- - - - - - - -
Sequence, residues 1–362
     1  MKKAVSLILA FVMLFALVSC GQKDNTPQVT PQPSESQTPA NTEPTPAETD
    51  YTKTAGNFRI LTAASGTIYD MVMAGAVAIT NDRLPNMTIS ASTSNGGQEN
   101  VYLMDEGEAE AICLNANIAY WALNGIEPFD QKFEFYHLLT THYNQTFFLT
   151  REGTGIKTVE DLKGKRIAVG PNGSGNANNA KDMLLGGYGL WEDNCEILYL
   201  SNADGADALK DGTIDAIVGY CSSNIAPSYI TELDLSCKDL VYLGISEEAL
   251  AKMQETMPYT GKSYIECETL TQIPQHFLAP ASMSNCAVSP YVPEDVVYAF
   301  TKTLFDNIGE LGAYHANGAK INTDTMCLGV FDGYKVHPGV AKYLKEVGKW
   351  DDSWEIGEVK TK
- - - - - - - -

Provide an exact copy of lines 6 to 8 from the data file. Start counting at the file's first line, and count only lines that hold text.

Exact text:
   201  SNADGADALK DGTIDAIVGY CSSNIAPSYI TELDLSCKDL VYLGISEEAL
   251  AKMQETMPYT GKSYIECETL TQIPQHFLAP ASMSNCAVSP YVPEDVVYAF
   301  TKTLFDNIGE LGAYHANGAK INTDTMCLGV FDGYKVHPGV AKYLKEVGKW